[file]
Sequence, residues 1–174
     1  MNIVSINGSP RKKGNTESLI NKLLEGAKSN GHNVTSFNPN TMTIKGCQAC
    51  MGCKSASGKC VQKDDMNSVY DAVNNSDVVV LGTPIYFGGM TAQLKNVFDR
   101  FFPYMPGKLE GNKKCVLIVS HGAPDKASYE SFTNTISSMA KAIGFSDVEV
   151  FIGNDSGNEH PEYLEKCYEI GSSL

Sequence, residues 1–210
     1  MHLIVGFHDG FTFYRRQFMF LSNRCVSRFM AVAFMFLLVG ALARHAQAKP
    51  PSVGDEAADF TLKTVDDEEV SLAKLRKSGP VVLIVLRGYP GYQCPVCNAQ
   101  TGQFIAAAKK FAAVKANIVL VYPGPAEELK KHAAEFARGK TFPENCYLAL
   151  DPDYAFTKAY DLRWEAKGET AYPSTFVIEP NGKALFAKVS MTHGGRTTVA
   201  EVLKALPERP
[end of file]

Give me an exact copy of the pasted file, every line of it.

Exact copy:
Sequence, residues 1–174
     1  MNIVSINGSP RKKGNTESLI NKLLEGAKSN GHNVTSFNPN TMTIKGCQAC
    51  MGCKSASGKC VQKDDMNSVY DAVNNSDVVV LGTPIYFGGM TAQLKNVFDR
   101  FFPYMPGKLE GNKKCVLIVS HGAPDKASYE SFTNTISSMA KAIGFSDVEV
   151  FIGNDSGNEH PEYLEKCYEI GSSL

Sequence, residues 1–210
     1  MHLIVGFHDG FTFYRRQFMF LSNRCVSRFM AVAFMFLLVG ALARHAQAKP
    51  PSVGDEAADF TLKTVDDEEV SLAKLRKSGP VVLIVLRGYP GYQCPVCNAQ
   101  TGQFIAAAKK FAAVKANIVL VYPGPAEELK KHAAEFARGK TFPENCYLAL
   151  DPDYAFTKAY DLRWEAKGET AYPSTFVIEP NGKALFAKVS MTHGGRTTVA
   201  EVLKALPERP